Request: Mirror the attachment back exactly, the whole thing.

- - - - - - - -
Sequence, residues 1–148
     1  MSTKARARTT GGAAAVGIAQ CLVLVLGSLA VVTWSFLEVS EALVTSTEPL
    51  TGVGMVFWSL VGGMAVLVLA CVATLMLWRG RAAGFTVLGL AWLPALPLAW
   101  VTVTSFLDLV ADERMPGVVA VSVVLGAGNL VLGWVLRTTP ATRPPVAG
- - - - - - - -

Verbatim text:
Sequence, residues 1–148
     1  MSTKARARTT GGAAAVGIAQ CLVLVLGSLA VVTWSFLEVS EALVTSTEPL
    51  TGVGMVFWSL VGGMAVLVLA CVATLMLWRG RAAGFTVLGL AWLPALPLAW
   101  VTVTSFLDLV ADERMPGVVA VSVVLGAGNL VLGWVLRTTP ATRPPVAG